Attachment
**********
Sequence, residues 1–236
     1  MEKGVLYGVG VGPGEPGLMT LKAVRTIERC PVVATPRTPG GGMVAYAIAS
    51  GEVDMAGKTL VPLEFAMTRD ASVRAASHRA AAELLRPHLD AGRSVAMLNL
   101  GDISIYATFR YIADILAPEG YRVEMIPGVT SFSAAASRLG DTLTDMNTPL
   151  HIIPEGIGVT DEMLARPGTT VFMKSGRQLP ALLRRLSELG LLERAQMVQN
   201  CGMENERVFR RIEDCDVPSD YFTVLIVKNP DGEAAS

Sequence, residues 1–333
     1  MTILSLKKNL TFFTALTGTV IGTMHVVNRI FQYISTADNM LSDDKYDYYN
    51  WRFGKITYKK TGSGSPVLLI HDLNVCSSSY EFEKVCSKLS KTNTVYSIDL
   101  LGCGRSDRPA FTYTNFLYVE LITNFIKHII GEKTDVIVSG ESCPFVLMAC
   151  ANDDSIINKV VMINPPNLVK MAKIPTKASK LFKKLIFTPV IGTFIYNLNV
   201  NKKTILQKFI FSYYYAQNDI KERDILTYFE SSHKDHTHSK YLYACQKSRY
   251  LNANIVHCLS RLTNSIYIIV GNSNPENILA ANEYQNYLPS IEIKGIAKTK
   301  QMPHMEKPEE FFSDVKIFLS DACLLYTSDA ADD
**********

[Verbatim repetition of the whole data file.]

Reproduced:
Sequence, residues 1–236
     1  MEKGVLYGVG VGPGEPGLMT LKAVRTIERC PVVATPRTPG GGMVAYAIAS
    51  GEVDMAGKTL VPLEFAMTRD ASVRAASHRA AAELLRPHLD AGRSVAMLNL
   101  GDISIYATFR YIADILAPEG YRVEMIPGVT SFSAAASRLG DTLTDMNTPL
   151  HIIPEGIGVT DEMLARPGTT VFMKSGRQLP ALLRRLSELG LLERAQMVQN
   201  CGMENERVFR RIEDCDVPSD YFTVLIVKNP DGEAAS

Sequence, residues 1–333
     1  MTILSLKKNL TFFTALTGTV IGTMHVVNRI FQYISTADNM LSDDKYDYYN
    51  WRFGKITYKK TGSGSPVLLI HDLNVCSSSY EFEKVCSKLS KTNTVYSIDL
   101  LGCGRSDRPA FTYTNFLYVE LITNFIKHII GEKTDVIVSG ESCPFVLMAC
   151  ANDDSIINKV VMINPPNLVK MAKIPTKASK LFKKLIFTPV IGTFIYNLNV
   201  NKKTILQKFI FSYYYAQNDI KERDILTYFE SSHKDHTHSK YLYACQKSRY
   251  LNANIVHCLS RLTNSIYIIV GNSNPENILA ANEYQNYLPS IEIKGIAKTK
   301  QMPHMEKPEE FFSDVKIFLS DACLLYTSDA ADD